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Thu 21 May 2015 12:22 PM

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Dutch gov't blocks Gulf carriers' expansion at Amsterdam’s Schiphol airport

No new landing rights for Emirates, Etihad or Qatar Airways, according to official at the transport ministry

Dutch gov't blocks Gulf carriers' expansion at Amsterdam’s Schiphol airport

A Dutch government minister has said Gulf carriers will not be allowed new landing rights at Amsterdam’s Schiphol Airport.

Dutch newspaper, Financieele Dagblad, reported that the government has moved to stop Gulf airlines from obtaining any more landing rights at Amsterdam’s Schiphol airport because of claims of unfair competition.

Owned by the Dutch government and local authorities, Schiphol is a key aviation hub in Europe and is ranked as the sixth busiest by international passenger traffic. Owing to increasing pressure from airlines like Qatar Airways, Emirates and Etihad, the Dutch government has moved to stop further Middle East airline expansion amid claims of unfair financial support from their respective governments.

Speaking to Financieele Dagblad, Holland’s junior transport minister Wilma Mansveld said: “I want, together with my European colleagues, to take a tougher approach to the rise of airlines in the Middle East if there is talk of unfair competition,” she said.

Peter Hartman, former CEO of KLM and current member vice-chairman of Air France-KLM, said the threat of air carriers from the Middle East “will directly have a big impact on employment, and around Schiphol in the Netherlands".

In March this year, the European Commission said it would address French and German concerns over what they see as unfair subsidies to Gulf carriers and propose a commercial aviation agreement with the Gulf region later this year. The aviation agreement, EU transport ministers agreed, would be a way to stop European airlines losing market share to Middle East competitors.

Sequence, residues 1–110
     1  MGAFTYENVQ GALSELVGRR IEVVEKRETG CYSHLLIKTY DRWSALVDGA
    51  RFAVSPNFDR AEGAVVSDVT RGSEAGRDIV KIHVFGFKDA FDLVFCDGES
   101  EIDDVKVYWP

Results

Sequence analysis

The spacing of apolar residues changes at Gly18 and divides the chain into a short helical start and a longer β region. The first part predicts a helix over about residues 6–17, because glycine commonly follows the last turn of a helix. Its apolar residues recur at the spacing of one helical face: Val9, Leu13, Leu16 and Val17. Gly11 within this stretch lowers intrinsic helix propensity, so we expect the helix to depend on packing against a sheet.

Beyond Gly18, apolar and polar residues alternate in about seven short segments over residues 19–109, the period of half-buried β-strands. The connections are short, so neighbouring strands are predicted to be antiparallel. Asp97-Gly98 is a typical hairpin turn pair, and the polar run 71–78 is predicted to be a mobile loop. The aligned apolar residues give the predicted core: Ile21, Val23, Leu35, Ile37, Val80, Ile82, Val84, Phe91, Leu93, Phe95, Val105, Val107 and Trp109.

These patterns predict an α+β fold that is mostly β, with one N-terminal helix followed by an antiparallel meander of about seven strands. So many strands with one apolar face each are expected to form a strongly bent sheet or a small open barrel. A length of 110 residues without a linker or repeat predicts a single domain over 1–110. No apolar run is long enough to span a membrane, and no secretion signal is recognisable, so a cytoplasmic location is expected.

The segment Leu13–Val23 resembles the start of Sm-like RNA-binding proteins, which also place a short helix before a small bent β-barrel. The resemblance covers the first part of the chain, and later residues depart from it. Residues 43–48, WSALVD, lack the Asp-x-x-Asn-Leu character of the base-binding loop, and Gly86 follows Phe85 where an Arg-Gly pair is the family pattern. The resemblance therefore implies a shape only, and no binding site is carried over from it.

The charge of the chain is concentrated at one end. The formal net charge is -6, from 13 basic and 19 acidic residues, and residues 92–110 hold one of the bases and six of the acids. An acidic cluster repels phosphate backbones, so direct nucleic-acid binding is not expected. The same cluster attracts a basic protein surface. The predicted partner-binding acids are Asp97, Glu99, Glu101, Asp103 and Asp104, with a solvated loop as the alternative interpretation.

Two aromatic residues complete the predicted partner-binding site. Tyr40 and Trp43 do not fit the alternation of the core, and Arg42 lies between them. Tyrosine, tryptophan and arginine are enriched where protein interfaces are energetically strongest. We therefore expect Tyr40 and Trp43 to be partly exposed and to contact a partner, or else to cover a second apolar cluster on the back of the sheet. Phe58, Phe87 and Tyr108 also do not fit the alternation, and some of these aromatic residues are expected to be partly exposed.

French transport minister Alain Vidalies said any commercial flying agreement including the granting of air traffic rights to foreign carriers should be accompanied by provisions allowing member states to monitor potential illegal subsidies and unfair competitive practices.

Emirates’ President Tim Clark said last week that it could expand its route network by using European hubs to fly into North and South American cities.

"Expand further from European hubs into the US? Yes we might do that," Clark told The National newspaper. "The kind of abuse we've been getting might cause us to do it. And after Milan, we can see how profitable it is. If the Danes or the Swedes were to come to us and say ‘we haven't got enough flights into the US, would you consider it?’, yes we might do that."

Emirates operates a twice-daily service to and from Amsterdam, and Etihad Airways likewise operates a twice daily service from to and from Abu Dhabi, while Qatar Airways is due to launch its daily service between Doha and Amsterdam on June 16.

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